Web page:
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Rabindranath Tagore: A cult figure in Literature

A new Renaissance was born in our country with the birth of Rabindranath Tagore on 7th May, 1861. We have, other poets, but none that are his equal; we call this the epoch of Rabindranath. He is as great in music as in poetry, and his songs are sung from the west of India to as far as Burma, wherever Bengali is spoken. In the hundred years that have passed since Rabindranath Tagore was born, the face of India has undergone such radical changes as no optimist living in 1861 could have envisaged. In literature or art, it can truly be said that there was nothing he touched which he did not adorn. Plays, novels, stories – long and short, essays, reviews, poems, nursery rhymes, ballads, songs and paintings flowed from him until the world marvelled at his brilliance. 

Rabindranath Tagore is a ‘cult figure’ in the literary world as well as in every Bengali home. It is perhaps true to say that no man in the whole range of known history can rival his all-comprehending genius, equally splendid in thought, in creation and in action. Rabindranath was that rare phenomenon in the world of men – the integrated man with a mind of very wide perception. He took life as a whole, and in a most spontaneous and inevitable manner experienced it as a whole. He gave expression to it in its various aspects, through diverse media and the final expressions of his experience of and reaction to life he left for humanity as a possession forever.

Tagore was not merely a man of literature; he was much more. He was an observer of the life of men and women with its spontaneity and its problems, its joys and sorrows, its happiness and tragedies and its motives-patent or underlying. Rabindranath’s life was long, covering the last forty years of the nineteenth century and the first forty of the twentieth. His creative output, in its great variety, was prolific. In literature or art, it can truly be said that there was no form that he did not touch and there was nothing he touched which he did not adorn. Tagore is the voice of the nation’s dreams and longings, its sorrows and sufferings, the memories of its past and the visions of its pony, which needed a lash to move at all, has turned into a spirited charger that has to be held back from running out of hand.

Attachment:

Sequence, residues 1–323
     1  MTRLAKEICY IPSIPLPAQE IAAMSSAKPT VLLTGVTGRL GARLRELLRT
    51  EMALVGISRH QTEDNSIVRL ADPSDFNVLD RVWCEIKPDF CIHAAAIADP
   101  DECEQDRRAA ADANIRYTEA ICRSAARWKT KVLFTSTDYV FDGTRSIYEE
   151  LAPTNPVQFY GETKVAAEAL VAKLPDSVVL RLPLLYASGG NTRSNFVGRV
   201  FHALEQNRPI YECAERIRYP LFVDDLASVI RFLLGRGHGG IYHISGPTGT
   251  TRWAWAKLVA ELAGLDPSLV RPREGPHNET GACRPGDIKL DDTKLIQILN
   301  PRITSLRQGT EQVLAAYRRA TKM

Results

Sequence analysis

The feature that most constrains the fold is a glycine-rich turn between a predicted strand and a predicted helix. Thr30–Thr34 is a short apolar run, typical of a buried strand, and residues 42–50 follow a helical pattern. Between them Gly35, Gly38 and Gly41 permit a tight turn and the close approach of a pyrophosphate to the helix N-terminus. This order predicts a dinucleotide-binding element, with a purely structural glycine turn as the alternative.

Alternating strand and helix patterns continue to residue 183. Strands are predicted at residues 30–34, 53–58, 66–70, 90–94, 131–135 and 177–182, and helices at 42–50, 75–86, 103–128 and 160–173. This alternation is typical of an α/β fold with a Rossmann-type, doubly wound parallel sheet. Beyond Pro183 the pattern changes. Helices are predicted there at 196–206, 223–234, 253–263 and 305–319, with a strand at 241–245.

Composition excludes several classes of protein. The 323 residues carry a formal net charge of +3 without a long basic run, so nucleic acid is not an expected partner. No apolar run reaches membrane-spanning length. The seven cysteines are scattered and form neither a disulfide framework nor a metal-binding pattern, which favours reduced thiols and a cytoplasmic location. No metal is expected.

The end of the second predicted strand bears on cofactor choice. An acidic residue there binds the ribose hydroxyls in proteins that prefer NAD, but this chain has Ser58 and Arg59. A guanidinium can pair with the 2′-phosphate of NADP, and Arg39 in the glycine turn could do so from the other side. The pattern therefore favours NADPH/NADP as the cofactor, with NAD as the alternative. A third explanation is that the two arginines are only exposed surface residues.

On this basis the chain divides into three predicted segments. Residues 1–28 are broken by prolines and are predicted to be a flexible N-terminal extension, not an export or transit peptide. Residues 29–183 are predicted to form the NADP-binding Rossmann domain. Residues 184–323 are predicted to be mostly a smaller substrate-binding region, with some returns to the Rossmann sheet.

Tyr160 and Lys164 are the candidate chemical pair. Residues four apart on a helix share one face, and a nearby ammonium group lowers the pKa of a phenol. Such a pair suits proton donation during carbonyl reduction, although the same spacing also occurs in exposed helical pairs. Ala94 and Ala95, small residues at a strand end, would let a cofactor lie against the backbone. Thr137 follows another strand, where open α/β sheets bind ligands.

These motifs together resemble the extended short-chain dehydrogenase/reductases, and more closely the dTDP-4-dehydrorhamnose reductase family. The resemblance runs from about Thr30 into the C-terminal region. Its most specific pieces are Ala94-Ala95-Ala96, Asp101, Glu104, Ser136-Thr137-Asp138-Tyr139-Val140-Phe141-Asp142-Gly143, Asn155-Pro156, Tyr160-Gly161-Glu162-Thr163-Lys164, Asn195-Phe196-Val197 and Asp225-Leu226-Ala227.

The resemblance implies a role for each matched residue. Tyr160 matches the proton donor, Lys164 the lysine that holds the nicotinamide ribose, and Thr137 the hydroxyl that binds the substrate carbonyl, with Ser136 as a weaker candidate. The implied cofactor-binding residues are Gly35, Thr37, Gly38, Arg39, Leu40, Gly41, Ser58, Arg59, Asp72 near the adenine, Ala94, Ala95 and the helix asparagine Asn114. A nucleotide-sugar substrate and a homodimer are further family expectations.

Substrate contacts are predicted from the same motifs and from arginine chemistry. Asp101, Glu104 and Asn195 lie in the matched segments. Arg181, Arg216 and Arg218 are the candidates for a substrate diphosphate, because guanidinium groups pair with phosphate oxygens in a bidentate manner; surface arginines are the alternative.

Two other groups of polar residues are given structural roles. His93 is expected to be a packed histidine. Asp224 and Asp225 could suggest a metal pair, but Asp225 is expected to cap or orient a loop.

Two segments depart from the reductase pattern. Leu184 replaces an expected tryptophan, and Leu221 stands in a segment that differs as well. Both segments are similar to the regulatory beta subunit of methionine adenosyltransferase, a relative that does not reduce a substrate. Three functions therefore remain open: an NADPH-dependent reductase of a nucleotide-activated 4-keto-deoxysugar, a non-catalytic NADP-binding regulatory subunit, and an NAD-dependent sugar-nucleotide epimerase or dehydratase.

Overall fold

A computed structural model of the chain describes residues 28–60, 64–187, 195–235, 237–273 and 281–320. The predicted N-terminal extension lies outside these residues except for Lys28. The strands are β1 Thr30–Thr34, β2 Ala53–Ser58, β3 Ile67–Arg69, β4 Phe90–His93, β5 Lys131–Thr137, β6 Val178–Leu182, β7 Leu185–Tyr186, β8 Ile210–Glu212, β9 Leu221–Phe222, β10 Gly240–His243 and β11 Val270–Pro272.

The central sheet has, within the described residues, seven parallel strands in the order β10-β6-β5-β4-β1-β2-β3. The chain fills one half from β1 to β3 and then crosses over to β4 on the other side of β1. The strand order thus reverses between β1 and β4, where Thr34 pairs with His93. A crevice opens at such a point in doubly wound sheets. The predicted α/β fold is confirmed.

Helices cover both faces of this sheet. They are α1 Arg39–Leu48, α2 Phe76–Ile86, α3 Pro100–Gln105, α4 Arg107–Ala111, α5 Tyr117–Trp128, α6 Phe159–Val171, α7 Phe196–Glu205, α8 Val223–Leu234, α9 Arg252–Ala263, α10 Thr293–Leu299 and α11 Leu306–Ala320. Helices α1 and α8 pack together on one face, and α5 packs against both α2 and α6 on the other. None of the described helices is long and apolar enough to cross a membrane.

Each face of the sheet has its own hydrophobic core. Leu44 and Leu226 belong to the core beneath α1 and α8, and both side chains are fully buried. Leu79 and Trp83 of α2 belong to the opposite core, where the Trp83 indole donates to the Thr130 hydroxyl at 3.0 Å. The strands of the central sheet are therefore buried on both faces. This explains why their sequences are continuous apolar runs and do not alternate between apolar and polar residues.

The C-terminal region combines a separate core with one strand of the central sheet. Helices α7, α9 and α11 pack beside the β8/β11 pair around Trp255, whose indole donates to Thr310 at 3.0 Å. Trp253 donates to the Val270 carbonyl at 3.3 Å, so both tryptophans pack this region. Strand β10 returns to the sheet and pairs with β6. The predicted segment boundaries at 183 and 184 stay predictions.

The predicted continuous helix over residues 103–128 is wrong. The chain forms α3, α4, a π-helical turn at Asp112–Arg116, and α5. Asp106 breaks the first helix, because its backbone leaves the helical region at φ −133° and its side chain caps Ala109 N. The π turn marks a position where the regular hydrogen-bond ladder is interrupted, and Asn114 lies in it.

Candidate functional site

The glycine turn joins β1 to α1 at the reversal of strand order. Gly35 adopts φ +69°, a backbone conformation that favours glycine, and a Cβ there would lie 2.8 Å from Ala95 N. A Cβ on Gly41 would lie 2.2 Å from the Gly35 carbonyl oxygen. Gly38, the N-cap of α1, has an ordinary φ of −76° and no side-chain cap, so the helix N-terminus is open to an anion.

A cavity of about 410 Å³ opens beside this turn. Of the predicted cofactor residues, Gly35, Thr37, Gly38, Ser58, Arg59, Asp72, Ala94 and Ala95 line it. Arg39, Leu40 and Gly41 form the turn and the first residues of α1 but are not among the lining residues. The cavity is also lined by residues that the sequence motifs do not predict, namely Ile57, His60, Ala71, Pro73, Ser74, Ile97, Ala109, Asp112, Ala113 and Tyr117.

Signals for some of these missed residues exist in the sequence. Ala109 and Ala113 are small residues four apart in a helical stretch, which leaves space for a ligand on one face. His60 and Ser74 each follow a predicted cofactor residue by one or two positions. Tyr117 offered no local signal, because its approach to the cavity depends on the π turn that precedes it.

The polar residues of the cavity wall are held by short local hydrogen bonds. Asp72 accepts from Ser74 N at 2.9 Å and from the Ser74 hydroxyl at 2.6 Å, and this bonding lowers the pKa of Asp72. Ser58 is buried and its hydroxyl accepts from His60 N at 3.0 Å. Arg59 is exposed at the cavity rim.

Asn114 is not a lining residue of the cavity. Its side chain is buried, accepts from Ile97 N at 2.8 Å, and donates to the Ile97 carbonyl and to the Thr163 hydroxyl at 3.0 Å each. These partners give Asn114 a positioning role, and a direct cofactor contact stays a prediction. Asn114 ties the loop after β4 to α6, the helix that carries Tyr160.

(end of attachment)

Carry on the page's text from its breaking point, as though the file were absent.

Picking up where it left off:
Excellence and profusion is found in Shakespeare’s songs and sonnets, of the fragments of Sappho, of Villon and Pushkin, Shelley and Heine, but this reckless abundance, this scattering of all the world’s riches on the wayside for any casual traveller to come along and pick up, is unique to Tagore. His lyrics are as beautiful as they are numerous; their profusion is amazing, and the perfection of each little poem even more so. Here indeed is God’s plenty. He has been able to sustain the lyric fervour over sixty years. He began to stir us with songs when he was sixteen, and at eighty he has not quite finished. We all grow older with the passage of time, while every year that passes makes Tagore younger. When he was about forty, he wrote the lovely poems of Kshanika, between sixty and seventy (roughly speaking) he reaped the most magnificent harvest of songs since the Gitanjali-Gitimalya- Gitali cycle. Even in his very latest books of poems there is a shade of feeling, a tone of thought he had not exploited before. future, its attitudes and its ideals.

Tagore is one of the makers of modern Indian mind and civilization. He is a renaissance figure with variety, abundance and dynamism in his character. His life and activities form a parable of the play of the finite and the Infinite; a life, full of events, ups and downs, Tagore claims to be a part and parcel of the earth. Since the birth of Rabindranath Tagore, the face of India has undergone such radical changes as no optimist living in 1861 could have envisaged. But even more remarkable are the changes that have taken place in the mind and spirit of modern India of which the transformation in outward appearance is a partial reflection. A shy, frightened 

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